"Prayer is important. But in addition to prayer, we have to petition Congress. We have to talk to them, we have to make it really intense. Not nasty, but really intense. My hope would be to write, to call, to include Congress, in calling for an integral immigration reform."
Gomez said that families should be prioritized in legislative efforts.
"If we want something from the administration and from congress, it's family unity. Because that's essential for the human person. And we are willing to do whatever we can to help make it happen."
"The way they came here-we can address the legal requirements of our country to make the decisions that are correct- but with family unity," he added.
DiNardo was grateful that policies seperating children from their parents at the border have come to an end, but said the bishops "have some concerns about family detention."
The cardinal called for the use of case-management programs as a "cost-effective alternative" to family detention, and said that Catholic-run charities would be glad to assist the government in case-management initiatives.
Undocumented immigrants waiting legal proceedings "need to be accounted for." he said.
Through case-management programs, families, many of whom want to find employment quickly, are "able to live with a little more. I call it hope. When you go through this kind of thing, whether you're a family or an unaccompanied minor, there's an element of real trauma that happens to you, and you can see it on their faces."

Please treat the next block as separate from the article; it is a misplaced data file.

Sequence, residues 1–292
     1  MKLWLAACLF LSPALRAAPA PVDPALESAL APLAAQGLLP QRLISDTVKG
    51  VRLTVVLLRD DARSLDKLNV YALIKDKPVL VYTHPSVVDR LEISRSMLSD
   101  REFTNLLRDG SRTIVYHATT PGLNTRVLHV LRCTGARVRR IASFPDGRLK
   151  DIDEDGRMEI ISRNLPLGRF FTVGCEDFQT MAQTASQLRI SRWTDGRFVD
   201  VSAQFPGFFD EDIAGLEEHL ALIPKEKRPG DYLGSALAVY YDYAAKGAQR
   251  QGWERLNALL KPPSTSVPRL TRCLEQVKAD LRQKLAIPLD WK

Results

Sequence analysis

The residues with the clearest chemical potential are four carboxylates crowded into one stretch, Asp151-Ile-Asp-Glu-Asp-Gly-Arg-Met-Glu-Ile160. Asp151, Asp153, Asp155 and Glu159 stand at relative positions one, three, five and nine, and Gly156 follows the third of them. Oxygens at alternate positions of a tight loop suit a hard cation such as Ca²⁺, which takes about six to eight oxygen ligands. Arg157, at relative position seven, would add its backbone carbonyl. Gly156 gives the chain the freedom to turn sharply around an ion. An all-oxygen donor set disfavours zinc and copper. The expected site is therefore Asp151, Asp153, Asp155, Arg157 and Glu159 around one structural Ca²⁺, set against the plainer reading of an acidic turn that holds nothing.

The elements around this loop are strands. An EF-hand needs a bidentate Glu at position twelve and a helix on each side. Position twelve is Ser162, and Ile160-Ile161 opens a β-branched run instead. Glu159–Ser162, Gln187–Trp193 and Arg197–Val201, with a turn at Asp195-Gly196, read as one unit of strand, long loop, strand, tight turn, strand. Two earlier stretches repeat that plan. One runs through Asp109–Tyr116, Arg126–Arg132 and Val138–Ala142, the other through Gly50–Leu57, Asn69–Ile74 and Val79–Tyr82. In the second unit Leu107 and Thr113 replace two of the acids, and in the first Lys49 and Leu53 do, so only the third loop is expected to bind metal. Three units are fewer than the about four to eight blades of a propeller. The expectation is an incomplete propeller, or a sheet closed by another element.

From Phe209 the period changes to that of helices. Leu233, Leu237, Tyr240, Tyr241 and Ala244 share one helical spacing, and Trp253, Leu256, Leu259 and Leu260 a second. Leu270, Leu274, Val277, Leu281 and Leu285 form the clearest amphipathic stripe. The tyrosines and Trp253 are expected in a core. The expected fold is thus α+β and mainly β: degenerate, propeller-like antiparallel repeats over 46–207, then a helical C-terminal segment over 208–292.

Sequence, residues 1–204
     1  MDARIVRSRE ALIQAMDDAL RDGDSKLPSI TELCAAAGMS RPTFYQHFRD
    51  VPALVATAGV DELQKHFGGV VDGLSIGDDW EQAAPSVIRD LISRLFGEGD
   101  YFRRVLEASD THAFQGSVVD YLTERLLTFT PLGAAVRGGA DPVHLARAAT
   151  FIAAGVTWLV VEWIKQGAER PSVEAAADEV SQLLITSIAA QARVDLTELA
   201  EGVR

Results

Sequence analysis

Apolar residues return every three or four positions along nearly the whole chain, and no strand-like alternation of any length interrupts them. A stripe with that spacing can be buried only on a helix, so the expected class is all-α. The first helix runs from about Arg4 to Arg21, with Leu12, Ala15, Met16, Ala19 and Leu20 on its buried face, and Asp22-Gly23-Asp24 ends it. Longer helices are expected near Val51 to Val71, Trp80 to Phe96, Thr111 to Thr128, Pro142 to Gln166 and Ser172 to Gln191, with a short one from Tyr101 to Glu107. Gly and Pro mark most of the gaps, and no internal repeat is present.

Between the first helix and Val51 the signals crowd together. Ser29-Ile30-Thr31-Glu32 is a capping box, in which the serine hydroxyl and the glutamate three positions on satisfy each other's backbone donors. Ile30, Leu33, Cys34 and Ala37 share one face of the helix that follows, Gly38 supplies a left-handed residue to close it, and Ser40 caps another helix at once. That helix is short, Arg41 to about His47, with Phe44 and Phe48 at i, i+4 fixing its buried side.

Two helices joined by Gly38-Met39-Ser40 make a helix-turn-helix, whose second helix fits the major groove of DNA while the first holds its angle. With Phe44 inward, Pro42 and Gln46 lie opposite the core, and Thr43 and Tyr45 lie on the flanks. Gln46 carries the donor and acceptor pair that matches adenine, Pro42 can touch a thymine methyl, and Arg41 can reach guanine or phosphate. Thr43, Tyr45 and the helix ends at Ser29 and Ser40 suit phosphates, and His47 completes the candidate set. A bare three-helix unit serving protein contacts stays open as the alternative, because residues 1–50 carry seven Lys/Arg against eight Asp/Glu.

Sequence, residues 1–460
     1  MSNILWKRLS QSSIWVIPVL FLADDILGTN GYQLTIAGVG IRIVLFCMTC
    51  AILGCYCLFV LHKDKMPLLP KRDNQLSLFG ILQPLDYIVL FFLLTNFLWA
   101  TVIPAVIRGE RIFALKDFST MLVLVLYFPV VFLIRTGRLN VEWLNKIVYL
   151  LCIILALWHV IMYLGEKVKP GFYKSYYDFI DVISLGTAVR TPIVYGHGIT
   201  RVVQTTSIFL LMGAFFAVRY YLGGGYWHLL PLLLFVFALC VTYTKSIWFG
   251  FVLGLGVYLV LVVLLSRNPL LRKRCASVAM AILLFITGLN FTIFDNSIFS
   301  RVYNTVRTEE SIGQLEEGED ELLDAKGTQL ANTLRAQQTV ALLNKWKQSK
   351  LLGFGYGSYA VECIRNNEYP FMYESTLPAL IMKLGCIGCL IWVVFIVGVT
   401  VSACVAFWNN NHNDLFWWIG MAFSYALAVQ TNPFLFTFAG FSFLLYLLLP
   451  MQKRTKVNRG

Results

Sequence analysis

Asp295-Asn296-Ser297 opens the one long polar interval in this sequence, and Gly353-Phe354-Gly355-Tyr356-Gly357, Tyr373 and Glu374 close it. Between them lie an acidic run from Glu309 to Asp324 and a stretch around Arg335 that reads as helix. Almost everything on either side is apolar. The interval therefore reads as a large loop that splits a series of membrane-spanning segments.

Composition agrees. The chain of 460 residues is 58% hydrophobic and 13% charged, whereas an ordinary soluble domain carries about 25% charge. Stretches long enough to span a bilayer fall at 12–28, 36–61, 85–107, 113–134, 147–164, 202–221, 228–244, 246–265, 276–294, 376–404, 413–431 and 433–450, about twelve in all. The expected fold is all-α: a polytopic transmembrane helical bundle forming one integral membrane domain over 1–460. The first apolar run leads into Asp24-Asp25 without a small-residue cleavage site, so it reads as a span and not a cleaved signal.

DiNardo said that he doesn't believe U.S. officials intend to traumatize immigrants, but said that "case management gives them some chance to breathe, and some hope."
The delegation of bishops visiting the border, which also included Bishop Robert Brennan, auxiliary bishop of Rockville Centre, toured two federal facilities, along with the Humanitarian Respite Center in McAllen, Texas, run by Catholic Charities of the Rio Grande Valley.
DiNardo said the visit was a prayerful and pastoral visit.
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"We have had a full 2 days and they have been a very beautiful 2 days," DiNardo said.
"Some parts painful, but very beautiful."
DiNardo praised the hospitality of federal officials and local Church leaders, especially singling out Bishop Daniel Flores of Brownsville, a member of the delegation and its local host, along with Sister Norma Pimentel, executive director of Catholic Charities of the Rio Grande Valley.
"There are lots of challenges here, there are lots of things we found, but we have found is that we have received incredible cooperation at every site we visited," DiNardo said.
"All of the people who are involved in this were incredibly helpful. I want to make sure everyone knows that," he added.
DiNardo said that the bishops are especially calling for the reunification of families separated at the border.